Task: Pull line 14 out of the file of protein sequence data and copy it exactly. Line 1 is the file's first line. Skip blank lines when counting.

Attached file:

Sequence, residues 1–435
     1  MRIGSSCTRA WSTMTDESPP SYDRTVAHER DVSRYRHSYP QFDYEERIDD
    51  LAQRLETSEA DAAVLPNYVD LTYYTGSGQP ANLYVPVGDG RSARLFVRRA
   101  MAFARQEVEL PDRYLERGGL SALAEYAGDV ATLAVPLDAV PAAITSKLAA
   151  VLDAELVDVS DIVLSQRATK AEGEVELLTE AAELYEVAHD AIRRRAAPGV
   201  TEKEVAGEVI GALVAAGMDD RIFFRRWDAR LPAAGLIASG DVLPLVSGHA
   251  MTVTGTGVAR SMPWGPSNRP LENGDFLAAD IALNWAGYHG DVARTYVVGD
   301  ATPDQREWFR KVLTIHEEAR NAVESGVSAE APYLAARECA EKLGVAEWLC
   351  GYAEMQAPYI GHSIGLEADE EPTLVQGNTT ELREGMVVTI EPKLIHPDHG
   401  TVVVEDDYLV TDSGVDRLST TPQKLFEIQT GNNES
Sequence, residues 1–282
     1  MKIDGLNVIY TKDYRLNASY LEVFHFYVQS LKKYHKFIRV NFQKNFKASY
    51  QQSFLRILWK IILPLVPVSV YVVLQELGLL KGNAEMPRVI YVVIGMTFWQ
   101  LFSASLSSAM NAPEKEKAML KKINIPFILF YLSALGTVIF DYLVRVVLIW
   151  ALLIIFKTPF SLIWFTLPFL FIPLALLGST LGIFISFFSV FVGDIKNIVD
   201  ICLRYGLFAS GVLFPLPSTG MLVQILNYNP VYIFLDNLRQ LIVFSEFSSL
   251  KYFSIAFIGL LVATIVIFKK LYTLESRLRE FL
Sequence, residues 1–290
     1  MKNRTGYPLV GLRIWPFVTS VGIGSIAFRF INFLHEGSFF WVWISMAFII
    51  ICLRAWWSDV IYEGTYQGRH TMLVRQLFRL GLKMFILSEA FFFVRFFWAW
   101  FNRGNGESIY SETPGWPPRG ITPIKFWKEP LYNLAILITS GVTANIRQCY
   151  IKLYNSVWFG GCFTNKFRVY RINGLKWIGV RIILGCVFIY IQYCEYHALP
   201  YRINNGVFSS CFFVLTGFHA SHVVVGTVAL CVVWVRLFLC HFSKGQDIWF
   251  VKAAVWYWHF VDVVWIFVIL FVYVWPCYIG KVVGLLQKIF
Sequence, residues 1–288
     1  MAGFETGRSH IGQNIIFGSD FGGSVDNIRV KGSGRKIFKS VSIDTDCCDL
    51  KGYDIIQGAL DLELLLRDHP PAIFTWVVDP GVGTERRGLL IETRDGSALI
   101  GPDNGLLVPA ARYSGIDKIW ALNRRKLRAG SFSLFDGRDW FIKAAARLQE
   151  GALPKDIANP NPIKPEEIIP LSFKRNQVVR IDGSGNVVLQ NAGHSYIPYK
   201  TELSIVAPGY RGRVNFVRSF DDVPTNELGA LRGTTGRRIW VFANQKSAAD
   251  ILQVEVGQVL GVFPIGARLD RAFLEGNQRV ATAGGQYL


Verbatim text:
   101  LFSASLSSAM NAPEKEKAML KKINIPFILF YLSALGTVIF DYLVRVVLIW